Canada welcomes IOC-INTERPOL workshop on integrity in sport

Canada was the most recent destination in the series of “Integrity in Sport Train the Trainer” workshops currently being conducted jointly by the International Olympic Committee (IOC) and INTERPOL around the world.

Another tangible result of Olympic Agenda 2020, the meeting, held on 11 November in Winnipeg, was a first for Canada. It focused on enhancing understanding and identifying ways of preventing and responding to competition manipulation in Canada and North America.  With over 20 coaches and educators in attendance from the Canadian National Olympic Committee (NOC), national sports federations, the Coaching Association of Canada, SportCanada and NGOs which implement coaching education, the objective was to empower these bodies to act as multipliers by delivering integrity training to players, referees and coaches in the region.

Michael Chambers, Immediate Past President of the Canadian Olympic Committee and Chair of the Association of National Olympic Committees (ANOC) Juridical Commission, who opened the workshop, said following it: "The cross-sections of coaches and other representatives of Olympic sport in Canada who attended the first IOC-INTERPOL Train the Trainer Workshop left with a greatly broadened  knowledge and understanding of competition manipulation, how to recognise it, how to prevent and resist it, and how to deal with it if it should occur. It is heartening to see that concrete steps are being taken to implement the IOC’s initiatives in relation to integrity in sport and its Agenda 2020 commitment to protect clean athletes.”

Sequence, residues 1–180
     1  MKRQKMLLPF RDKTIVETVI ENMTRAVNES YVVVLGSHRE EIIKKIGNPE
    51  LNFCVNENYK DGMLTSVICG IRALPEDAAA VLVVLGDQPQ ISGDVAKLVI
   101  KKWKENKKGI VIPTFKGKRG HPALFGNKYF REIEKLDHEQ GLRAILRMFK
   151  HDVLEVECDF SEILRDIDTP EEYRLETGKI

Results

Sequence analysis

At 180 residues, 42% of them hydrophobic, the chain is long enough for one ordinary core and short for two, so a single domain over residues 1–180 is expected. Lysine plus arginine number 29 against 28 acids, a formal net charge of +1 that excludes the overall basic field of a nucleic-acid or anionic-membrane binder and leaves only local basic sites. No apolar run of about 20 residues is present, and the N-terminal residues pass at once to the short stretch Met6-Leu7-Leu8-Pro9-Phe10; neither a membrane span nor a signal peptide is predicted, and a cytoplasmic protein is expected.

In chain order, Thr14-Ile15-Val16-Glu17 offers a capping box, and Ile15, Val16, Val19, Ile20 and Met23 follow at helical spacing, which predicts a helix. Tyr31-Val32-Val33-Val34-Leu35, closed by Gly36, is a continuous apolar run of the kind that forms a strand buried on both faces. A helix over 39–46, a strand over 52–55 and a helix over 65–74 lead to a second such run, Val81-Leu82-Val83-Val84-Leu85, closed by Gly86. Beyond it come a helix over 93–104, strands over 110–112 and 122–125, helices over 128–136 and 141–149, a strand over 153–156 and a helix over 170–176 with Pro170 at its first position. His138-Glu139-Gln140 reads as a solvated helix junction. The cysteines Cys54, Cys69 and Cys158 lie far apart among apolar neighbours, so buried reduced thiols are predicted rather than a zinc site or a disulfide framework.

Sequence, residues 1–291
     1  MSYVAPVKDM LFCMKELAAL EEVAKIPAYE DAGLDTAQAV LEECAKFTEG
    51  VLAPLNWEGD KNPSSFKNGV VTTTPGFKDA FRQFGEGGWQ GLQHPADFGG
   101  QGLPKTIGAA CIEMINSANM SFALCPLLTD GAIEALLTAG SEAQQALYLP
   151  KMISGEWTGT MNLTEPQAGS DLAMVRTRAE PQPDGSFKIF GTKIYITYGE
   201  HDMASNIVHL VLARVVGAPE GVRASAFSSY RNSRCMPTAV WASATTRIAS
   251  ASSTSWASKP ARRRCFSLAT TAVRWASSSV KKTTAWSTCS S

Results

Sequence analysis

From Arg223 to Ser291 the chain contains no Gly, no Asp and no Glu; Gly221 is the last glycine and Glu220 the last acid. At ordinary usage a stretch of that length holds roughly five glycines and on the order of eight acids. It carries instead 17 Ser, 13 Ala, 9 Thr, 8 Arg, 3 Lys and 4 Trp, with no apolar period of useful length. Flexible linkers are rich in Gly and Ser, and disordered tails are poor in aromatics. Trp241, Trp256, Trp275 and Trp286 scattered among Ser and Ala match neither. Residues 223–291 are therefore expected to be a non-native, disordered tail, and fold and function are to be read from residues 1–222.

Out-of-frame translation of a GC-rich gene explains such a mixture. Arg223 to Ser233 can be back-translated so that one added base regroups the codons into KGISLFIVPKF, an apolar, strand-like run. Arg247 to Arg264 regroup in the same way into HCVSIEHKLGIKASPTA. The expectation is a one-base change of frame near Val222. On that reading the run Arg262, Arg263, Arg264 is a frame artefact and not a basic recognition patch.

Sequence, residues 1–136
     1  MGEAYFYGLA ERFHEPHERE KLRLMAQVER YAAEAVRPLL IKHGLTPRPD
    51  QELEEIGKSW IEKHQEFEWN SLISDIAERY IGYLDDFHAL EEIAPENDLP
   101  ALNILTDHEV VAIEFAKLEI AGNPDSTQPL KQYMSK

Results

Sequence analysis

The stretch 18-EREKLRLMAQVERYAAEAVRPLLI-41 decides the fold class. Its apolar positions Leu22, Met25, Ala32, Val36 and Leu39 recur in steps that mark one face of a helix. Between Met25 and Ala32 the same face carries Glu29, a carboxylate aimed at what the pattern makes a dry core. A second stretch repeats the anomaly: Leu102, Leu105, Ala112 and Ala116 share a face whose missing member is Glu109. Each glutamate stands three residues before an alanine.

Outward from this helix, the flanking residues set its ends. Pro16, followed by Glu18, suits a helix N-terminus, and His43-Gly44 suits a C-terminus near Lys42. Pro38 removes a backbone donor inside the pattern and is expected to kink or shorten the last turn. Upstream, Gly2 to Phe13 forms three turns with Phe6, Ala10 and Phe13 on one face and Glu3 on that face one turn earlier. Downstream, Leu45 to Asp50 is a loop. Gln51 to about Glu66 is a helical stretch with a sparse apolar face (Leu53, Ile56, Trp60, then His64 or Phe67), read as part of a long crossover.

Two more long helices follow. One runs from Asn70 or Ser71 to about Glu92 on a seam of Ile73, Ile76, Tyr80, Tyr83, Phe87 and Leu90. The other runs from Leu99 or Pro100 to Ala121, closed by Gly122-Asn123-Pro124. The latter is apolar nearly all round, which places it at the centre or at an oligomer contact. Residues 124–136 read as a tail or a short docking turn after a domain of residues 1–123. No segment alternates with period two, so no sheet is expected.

Prevention through education

The manipulation of sports competitions, in particular when linked to betting activities, has become an area of great concern in recent years. Like doping, such corruption threatens the very integrity of sport. Olympic Agenda 2020, the new strategic roadmap for the future of the Olympic Movement, has reiterated the IOC’s commitment and drive to protect clean athletes and the integrity of sports. A number of measures have thus been initiated and implemented, including robust educational awareness programmes to prevent Olympic events from any kind of manipulation. A new reporting mechanism for potential cases of competition manipulation as well as other violations – the Integrity and Compliance Hotline – was also successfully launched earlier this year.

The approach of the Train the Trainers Workshop series is very pragmatic. In Winnipeg, the IOC and INTERPOL presented strategies and tools that are available to prevent, educate and investigate allegations or suspicions of competition manipulation. The participants then examined various competition manipulation case studies which showcased the operational collaboration between sport, law enforcement and betting regulators and operators nationally as well as internationally.

About the IOC-INTERPOL partnership

The IOC signed a Memorandum of Understanding with INTERPOL in January 2014. Since then, the two organisations have widened the scope of previous activities and drafted a strategy for concrete action over the next two years. Among other initiatives, the two organisations are working together to deliver workshops around the world in partnership with National Olympic Committees and International and National Federations, law enforcement, governmental entities and betting regulators on the risks of match-fixing, manipulation of competitions and related corruption. The Integrity in Sport Workshops, currently being implemented in several countries across the world, offer tailored solutions for each national context. Furthermore, the IOC is developing an e-learning platform targeting all the participants at the Olympic Gamesathletes, their entourage as well as NOC and IF officials.

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